Fundamentals of Organizational Communication Theoretical Perspectives for Organizational Communication Chapter 3
Introduction • Three Different Approaches to Organizational Communication • Functional approach • The Meaning Centered Approach • The Emerging Perspectives
Perspectives Gibson Burrell and Gareth Morgan (1979)
The Functional Approach • Way of understanding organizational communication by describing what messages do and how they move through organizations.
The Functional Approach • Organizational Communication Systems: Component Parts • Number of related units that operate together to create and shape organizational events. Information processing is the primary function of the units. • In the Functional approach information processing is seen as the primary function of organizational communication systems.
The Functional Approach • Communication inputs • information in the external environment that may influence the decision making of the organization. • Communication throughput • transforming and changing of input information for internal organizational use, and the generation and transmission of internal information throughout the organization.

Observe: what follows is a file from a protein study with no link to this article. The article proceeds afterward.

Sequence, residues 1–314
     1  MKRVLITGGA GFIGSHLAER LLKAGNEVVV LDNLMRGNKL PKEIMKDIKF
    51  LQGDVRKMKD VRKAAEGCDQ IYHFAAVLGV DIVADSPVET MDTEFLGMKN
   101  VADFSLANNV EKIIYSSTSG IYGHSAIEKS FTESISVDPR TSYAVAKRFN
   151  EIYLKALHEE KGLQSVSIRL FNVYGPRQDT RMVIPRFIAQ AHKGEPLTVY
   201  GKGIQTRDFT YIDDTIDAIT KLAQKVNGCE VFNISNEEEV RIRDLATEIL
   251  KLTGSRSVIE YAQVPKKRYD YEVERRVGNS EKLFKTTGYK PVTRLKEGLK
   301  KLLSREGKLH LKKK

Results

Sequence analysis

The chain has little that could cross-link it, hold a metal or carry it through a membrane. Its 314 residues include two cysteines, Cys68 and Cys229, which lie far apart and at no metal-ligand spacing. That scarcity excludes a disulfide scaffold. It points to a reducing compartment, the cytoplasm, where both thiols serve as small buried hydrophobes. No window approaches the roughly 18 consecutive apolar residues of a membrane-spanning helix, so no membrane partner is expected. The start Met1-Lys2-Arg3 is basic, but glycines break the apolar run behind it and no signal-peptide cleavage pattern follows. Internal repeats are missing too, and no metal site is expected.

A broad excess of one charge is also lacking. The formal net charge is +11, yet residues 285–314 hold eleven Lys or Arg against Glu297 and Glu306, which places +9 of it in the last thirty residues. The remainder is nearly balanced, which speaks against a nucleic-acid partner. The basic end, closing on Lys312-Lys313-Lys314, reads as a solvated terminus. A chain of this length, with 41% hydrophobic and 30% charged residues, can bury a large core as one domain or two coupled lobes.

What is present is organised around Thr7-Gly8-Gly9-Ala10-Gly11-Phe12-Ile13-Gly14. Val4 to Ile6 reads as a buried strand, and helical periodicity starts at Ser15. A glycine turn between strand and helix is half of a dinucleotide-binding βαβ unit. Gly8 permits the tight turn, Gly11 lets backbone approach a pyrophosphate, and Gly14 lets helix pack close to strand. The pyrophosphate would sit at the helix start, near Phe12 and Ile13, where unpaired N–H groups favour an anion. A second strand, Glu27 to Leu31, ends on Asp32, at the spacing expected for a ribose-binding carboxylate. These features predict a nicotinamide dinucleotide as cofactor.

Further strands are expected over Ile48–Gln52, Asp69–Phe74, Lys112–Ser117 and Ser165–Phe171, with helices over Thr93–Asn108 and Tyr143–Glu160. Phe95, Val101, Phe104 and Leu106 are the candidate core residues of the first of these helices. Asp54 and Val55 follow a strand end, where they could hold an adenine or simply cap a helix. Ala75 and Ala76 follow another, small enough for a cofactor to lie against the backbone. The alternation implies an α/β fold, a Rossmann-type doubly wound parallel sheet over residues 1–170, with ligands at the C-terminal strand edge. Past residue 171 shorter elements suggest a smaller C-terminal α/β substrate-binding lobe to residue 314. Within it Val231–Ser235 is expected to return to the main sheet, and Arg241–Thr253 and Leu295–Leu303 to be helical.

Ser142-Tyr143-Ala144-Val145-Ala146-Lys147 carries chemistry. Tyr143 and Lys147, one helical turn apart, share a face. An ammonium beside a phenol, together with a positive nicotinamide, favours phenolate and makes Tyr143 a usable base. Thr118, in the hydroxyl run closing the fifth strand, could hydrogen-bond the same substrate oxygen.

The Functional Approach • Communication Output • messages to the external environment from within the organization.
The Functional Approach Open versus Closed Systems • Open Systems • organizations that continually take in new information, transform that information, and give information back to the environment. • Closed Systems • organizations that lack input communication, making it difficult to make good decisions and stay current with the needs of the environment.
The Functional Approach Open versus Closed Systems • Equifinality • Potential for the use of a variety of approaches to reach system goals. • Message functions • What communication does or how it contributes to the overall functioning of the organization
The Functional Approach • Organizing functions • messages that establish the rules and regulations of a particular environment.
The Functional Approach • Relationship functions • communication that helps individuals define their roles and assess the compatibility of individual and organizational goals. • Change functions • messages that help organizations adapt what they do and how they do it; viewed as essential to an open system.